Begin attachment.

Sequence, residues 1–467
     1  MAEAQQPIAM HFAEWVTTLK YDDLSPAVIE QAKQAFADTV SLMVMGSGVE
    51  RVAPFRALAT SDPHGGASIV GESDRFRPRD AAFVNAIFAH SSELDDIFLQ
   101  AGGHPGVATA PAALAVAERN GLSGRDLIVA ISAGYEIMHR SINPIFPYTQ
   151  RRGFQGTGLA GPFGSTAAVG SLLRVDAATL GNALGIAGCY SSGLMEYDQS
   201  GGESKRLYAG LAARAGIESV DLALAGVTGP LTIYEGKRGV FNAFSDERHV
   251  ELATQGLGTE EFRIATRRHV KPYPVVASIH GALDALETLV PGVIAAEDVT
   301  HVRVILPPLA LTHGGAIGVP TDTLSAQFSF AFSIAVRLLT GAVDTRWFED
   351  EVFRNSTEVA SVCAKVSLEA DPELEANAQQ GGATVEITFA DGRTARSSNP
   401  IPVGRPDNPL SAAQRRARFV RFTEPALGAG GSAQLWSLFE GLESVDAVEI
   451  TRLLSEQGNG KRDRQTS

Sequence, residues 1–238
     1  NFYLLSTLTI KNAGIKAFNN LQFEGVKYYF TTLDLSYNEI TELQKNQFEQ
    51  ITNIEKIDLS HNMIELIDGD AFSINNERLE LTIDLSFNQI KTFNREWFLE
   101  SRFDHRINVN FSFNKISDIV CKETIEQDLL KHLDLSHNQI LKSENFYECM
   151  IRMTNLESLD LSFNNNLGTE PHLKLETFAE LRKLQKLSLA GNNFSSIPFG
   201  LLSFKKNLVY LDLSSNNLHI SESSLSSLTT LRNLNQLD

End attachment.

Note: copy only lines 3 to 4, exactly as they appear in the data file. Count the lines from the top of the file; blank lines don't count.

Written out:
    51  RVAPFRALAT SDPHGGASIV GESDRFRPRD AAFVNAIFAH SSELDDIFLQ
   101  AGGHPGVATA PAALAVAERN GLSGRDLIVA ISAGYEIMHR SINPIFPYTQ